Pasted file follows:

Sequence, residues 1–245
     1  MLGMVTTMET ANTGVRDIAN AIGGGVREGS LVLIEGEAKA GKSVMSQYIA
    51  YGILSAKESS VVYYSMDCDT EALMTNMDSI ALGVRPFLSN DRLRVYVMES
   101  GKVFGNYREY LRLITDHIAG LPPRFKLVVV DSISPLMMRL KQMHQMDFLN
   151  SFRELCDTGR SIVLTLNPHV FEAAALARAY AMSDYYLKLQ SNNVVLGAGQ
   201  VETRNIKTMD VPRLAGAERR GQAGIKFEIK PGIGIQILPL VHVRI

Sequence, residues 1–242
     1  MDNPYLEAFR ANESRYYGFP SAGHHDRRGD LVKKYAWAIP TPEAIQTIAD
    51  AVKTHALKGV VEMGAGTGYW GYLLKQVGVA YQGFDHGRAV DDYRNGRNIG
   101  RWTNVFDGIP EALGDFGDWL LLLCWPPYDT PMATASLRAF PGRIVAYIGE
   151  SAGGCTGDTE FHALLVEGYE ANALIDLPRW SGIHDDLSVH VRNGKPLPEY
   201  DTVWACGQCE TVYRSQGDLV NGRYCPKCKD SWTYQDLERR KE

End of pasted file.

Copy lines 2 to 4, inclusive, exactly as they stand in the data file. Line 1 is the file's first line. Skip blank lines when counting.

     1  MLGMVTTMET ANTGVRDIAN AIGGGVREGS LVLIEGEAKA GKSVMSQYIA
    51  YGILSAKESS VVYYSMDCDT EALMTNMDSI ALGVRPFLSN DRLRVYVMES
   101  GKVFGNYREY LRLITDHIAG LPPRFKLVVV DSISPLMMRL KQMHQMDFLN